I’m at work on (yet) another essay about family history and am trying to puzzle through something that is both about place and about the public record. In Euclid’s Orchard, in an essay titled “West of the 4th Meridian: A Libretto for Migrating Voices”, I wrote about my discovery that the homestead I’d believed my grandmother’s first husband had taken out in the Drumheller area prior to her arrival in Canada in 1913 didn’t exist. Instead, she arrived to a squatters community. In spring of 2016 I’d gone to the Provincial Archives in Edmonton to make a copy of a few documents I thought would help me to find the 1/4 section of land I’d always believed my grandmother’s first husband owned and was surprised to find instead the whole long file of maps, letters, petitions, directives, etc. On that day in 2016, I didn’t have time to do anything more than make one or two copies of pages I thought might be useful. Later, my son Forrest sent me a pdf of the microfilm detailing the difficulty the residents of the community had in petitioning the federal government for permission to buy the individual plots they’d settled on. Instead of a copy of the homestead grant and a map, I had 398 pages to decode and try to understand. I don’t believe that my grandmother and her first husband bought the plot they were living on when a portion of the land was subdivided in 1918. Their names don’t show up on the list of purchasers and anyway in 1918 that husband died in the Spanish flu epidemic and my grandmother had a new baby, her 9th, who was to die just a few months later.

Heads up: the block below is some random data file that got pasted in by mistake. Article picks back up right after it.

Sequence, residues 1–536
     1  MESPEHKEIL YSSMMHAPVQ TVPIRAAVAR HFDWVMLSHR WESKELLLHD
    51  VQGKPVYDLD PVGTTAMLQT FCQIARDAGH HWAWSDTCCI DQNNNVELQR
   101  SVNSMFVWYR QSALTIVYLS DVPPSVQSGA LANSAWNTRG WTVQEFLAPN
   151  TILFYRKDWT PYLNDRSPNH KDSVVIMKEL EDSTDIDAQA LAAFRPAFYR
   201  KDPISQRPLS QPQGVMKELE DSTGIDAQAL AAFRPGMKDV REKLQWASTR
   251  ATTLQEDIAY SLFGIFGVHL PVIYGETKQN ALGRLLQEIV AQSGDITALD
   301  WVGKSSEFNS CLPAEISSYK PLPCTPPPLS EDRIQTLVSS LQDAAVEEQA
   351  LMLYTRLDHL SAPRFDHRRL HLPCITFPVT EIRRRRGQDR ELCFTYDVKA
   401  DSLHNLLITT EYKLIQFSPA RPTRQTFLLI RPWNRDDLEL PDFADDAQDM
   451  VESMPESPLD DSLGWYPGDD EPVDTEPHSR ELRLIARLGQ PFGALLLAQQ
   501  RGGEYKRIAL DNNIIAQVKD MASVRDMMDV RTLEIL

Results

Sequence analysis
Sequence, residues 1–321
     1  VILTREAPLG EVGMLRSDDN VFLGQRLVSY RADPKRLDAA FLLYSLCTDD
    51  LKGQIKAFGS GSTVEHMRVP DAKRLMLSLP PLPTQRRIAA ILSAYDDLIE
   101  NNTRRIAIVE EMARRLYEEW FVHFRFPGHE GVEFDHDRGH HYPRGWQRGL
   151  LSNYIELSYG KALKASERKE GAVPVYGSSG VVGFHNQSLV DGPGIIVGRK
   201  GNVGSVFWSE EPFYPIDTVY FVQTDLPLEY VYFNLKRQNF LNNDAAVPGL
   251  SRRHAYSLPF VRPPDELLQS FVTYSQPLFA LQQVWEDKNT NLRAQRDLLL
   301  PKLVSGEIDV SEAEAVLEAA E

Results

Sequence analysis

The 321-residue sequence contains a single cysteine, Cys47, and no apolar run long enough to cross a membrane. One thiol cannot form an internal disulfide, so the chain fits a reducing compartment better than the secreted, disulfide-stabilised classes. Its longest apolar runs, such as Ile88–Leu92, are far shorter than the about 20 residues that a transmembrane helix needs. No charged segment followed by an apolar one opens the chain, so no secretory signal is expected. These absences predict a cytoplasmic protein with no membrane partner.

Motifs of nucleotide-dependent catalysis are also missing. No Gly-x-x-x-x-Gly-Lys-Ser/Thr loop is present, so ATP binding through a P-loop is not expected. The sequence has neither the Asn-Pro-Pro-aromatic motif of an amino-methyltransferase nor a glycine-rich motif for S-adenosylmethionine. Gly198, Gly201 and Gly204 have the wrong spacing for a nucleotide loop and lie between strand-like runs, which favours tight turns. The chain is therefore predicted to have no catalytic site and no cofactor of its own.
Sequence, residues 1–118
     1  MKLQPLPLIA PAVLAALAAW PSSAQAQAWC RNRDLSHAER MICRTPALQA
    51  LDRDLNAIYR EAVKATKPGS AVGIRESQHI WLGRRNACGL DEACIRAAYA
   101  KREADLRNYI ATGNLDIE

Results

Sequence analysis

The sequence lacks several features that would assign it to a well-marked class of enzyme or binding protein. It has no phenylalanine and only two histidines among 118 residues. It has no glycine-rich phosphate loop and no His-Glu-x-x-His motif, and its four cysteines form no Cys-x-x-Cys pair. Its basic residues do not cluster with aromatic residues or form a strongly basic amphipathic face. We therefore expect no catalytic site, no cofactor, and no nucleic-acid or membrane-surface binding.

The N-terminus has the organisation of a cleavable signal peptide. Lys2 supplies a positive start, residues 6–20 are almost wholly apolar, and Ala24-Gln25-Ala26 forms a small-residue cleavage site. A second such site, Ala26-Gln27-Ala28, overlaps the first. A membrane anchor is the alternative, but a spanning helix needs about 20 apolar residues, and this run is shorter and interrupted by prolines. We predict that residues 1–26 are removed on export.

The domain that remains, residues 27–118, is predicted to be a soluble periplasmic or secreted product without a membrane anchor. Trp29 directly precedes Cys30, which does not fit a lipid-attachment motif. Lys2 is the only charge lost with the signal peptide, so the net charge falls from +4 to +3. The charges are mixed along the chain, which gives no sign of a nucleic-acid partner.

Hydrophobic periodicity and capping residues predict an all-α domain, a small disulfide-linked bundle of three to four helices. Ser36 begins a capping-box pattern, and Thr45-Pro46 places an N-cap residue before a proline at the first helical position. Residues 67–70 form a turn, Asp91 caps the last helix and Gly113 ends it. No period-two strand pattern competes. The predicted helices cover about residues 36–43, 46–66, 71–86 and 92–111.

In 1920 my grandmother remarried. She married my grandfather John Kishkan. They show up on the 1921 Census (though I didn’t find them at first because my grandfather’s surname was misspelled) and again in 1926, living on the north side of the river, near the Midland Mine. I suspect my grandfather worked there. A few weeks ago in Drumheller, John and I took the two photographs we have of my father as a child and tried to find the location of the small farm he lived on by matching the hills in the photographs with the hills near Michichi Creek above the Dinosaur Trail, formerly Midland Road (the address given on the Census forms). That process is what I’m writing about now.
It gets complicated and in many ways it’s a useless exercise. What can I possibly learn by looking at striated hills and barren ground? Maybe something. I’ve discovered that the actual section of land where the squatters community was and where my grandparents had their farm is the same. The records are confusing. It was School Land. It was owned by someone called James Edward Trumble and maybe it was owned by someone else. Maybe my grandparents owned a little piece. Or maybe they rented a piece. I hope to figure it out.
On this map (which asks to be a quilt, doesn’t it?), you can see Range 20 on both sides of the Red Deer River.
Imagine the small farm tucked against the flank of hill. Imagine waking to the striations, walking out to the morning in the shadow of those layers. My father once wrote a letter to me when I was living in Ireland, so it must have been 1978, and he mentioned he’d been to the funeral of his last living (half)brother, Paul Yopek. He’d driven to Drumheller after that funeral and wrote that he saw the hills where he’d walked as a boy but had never found anything worth keeping in his life. I thought he meant fossils but perhaps his comment was more ontological. Looking at the sedimentary layers exposed by weather, the mudstone, sandstone, the coal seams, and shale, all softly coloured and shimmering in the light, I wondered if they might take up a large space in the physical topography of a boy growing in their shadows. Paleontologists were at work in the 1930s when my father was a boy and perhaps he encountered one on his forays into the hills. Maybe he’d been asked to keep his eyes open and maybe he had and nothing ever showed up. The long rib of a creature as old as time. An ammonite. A nest of fossilized eggs. In his rough house, his mother made noodles, his father came home dark with coal dust.
— from a work-in-progress